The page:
Tuesday, October 31, 2006

To ban or not to ban?

Liquid ban on European airports?

But not a complete ban.

CNN writes about new Terror Alert™ Aug. 28.
Washington Post has news about lifting the ban on liquids in U.S on 26th of Sep. And British newspaper The Telegraph writes about it two days later.

But wait! BBC wrote about banning liquids in Europe the same way it was in the U.S. a day earlier than Telegraph knew about lifting the ban. So what's gonna happen to UK? They lift the ban and put it back? They just lift the ban? The ban is not lifted? I'm confused. Do they follow Europe or not? They are a part of EU, right? Or apart?

Why is it I'm getting a little funny feeling that it can't be coincidence that most of the airlines stop serving food and drinks on the house just recently? It's convenient for airlines; people can't bring their own cans of beer and bottles of water to the plain so they have to buy their drinks from the plane?

That can't be right, if you trust Scotsman. They say airlines and EU oppose total liquid ban. ...wait a second. Total liquid ban? Not partial ban... Oh, that's Sep. 6. ...couple of weeks before Washington Post and Telegraph writes about it.

Should ask Reuters about that anyways.

But what really confuses me is you can still bring 1dl of liquids that must fit into 1 litre transparent plastic bag. What's the purpose of this?

You still can bring your toothpaste, but you can't bring a can of soda?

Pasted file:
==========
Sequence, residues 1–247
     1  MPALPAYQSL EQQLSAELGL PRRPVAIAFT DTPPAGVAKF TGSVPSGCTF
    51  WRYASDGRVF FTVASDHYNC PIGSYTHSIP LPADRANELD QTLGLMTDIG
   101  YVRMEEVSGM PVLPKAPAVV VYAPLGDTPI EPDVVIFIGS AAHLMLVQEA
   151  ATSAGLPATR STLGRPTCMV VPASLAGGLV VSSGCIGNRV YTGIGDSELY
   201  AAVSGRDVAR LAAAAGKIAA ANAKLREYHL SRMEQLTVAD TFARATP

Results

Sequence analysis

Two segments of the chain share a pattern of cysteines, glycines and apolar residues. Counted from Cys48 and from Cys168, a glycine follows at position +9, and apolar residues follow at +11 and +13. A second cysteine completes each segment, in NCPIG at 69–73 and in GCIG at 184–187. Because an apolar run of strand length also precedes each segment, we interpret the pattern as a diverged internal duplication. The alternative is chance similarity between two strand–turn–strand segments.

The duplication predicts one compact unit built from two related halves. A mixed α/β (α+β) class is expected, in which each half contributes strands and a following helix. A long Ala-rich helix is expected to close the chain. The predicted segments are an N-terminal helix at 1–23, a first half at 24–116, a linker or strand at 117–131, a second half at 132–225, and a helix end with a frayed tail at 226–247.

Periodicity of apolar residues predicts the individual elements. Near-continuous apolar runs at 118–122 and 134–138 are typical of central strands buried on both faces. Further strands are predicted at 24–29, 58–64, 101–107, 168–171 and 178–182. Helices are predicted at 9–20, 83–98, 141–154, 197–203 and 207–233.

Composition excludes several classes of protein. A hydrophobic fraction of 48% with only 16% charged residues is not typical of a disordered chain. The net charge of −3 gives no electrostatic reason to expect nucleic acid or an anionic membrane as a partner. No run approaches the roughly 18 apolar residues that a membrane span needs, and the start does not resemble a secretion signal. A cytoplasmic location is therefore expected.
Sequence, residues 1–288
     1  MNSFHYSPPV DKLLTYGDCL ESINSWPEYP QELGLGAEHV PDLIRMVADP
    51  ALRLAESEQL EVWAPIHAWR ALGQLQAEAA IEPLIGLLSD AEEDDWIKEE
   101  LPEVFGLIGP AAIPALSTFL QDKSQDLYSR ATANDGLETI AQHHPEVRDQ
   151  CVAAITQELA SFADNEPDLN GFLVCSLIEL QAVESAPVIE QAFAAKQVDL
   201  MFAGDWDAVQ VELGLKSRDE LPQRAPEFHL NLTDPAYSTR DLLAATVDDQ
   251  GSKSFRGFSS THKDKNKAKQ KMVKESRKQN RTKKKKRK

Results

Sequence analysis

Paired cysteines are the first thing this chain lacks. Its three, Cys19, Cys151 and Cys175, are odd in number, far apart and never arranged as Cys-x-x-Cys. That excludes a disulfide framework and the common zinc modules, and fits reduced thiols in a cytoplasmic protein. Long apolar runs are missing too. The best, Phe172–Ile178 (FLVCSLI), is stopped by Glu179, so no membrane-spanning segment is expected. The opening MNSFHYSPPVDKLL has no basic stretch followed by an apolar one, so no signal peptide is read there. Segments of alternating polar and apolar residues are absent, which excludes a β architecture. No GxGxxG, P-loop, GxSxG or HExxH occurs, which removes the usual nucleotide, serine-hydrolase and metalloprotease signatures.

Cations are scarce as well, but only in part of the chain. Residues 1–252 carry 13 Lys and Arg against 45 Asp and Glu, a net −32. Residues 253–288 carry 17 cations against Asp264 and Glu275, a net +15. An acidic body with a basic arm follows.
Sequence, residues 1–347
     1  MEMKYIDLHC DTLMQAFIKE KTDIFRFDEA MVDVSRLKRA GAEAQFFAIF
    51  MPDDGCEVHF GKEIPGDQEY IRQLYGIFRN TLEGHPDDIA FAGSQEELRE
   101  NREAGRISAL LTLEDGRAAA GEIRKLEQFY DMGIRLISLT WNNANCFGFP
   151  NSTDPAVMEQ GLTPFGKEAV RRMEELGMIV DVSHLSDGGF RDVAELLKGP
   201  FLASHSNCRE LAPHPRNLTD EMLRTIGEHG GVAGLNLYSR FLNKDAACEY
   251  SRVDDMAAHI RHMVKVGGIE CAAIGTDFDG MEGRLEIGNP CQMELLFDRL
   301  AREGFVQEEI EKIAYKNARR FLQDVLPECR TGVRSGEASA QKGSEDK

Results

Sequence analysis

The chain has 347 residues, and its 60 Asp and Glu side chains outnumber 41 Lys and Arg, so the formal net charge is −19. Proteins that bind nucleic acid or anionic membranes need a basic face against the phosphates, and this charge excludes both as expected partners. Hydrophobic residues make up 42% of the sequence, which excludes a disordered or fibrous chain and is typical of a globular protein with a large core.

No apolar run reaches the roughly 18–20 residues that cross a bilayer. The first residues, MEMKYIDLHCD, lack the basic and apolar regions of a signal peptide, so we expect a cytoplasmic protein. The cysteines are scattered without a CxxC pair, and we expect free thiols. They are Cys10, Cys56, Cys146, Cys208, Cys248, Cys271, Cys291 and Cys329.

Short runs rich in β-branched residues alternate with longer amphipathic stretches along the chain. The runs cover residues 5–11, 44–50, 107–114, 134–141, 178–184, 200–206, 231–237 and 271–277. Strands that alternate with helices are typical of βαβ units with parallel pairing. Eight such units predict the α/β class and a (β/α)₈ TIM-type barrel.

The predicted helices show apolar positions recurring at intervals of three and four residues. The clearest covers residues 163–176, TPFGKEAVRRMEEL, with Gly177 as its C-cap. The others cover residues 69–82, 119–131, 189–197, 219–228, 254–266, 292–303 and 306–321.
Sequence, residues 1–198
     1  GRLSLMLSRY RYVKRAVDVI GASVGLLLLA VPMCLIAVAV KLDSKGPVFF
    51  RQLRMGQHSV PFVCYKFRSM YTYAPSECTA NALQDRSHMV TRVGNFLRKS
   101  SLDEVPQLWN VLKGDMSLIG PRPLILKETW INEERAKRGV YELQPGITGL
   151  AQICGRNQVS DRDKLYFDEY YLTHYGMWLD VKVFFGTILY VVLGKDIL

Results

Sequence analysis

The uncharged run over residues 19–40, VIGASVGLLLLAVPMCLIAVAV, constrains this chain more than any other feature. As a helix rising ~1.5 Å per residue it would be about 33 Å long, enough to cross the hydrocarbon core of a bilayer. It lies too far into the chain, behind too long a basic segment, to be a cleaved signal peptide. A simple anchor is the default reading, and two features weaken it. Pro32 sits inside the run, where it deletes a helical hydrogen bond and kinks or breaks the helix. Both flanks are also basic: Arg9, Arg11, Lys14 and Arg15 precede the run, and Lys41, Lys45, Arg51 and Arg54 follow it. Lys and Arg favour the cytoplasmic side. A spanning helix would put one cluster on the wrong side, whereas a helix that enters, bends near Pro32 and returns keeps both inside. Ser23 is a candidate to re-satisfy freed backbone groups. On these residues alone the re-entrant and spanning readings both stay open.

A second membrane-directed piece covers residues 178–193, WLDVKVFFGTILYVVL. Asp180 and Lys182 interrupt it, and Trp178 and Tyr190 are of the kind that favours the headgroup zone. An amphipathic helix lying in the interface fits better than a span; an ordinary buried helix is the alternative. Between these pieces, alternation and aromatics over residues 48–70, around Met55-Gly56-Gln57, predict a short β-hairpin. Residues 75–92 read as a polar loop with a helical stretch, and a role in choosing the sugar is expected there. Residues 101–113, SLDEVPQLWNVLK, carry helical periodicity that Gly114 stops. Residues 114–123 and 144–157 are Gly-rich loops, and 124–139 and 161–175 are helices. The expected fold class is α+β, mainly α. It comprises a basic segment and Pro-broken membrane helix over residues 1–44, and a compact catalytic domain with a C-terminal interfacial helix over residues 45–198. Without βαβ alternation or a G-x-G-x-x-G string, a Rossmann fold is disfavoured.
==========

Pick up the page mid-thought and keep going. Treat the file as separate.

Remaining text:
What are you more afraid of?
100ml of Nitroglyserine or a can of beer?
100ml sodium cyanide or shaving gel?

Besides, these baggy pants kids wear nowadays. How do you prevent some hooligan smugglin' sum water in his pants? Train water dogs? Maybe they oughta bring some camels over. They sniff water better than dogs. I can't wait for the news headlines.

Thanks to customs' new water-camels, customs officers managed to capture 17 thirsty teenage water-smugglers today at Heatrow international airport.

I just don't get the point.


Anonymous said...

what if we work from what we know?

e.g. if you were to buy a bottle of wine from the dutyfree shop in an airport, rest assured that that bottle contains nothing else but the wine you intended buying in the first place.

does the airport shop import (?) the wine from a supplier on basis of trust? or does the airport scan or test the products themselves before it ends up on their shelves?

does a machine exist that can peer into a bottle of australian shiraz and tell if it's: the real thing, watered down or if it's indeed filled with 'one of a series of ingredients that when mixed together......' ??

or do we place our trust in the people who oversee the bottling of the beverages?

sounds like a bit of a grey area to me and when i start to think of how many different kinds of liquids one can buy at a dutyfree, and from how many different parts of the world these products came from... wow.

is there some kind of certification that when these liquids are bottled or canned they are indeed, 'airport ready'...??

does anybody know where i could perchase such a certificate so that i can take my own bottle of wine to my friends when i fly and not have to pay those ridiculously high 'taxfree' prices...


Don KeyShot said...

It makes as much sense as after the exploding shoes, one having to start wearing flip flops or fly barefoot...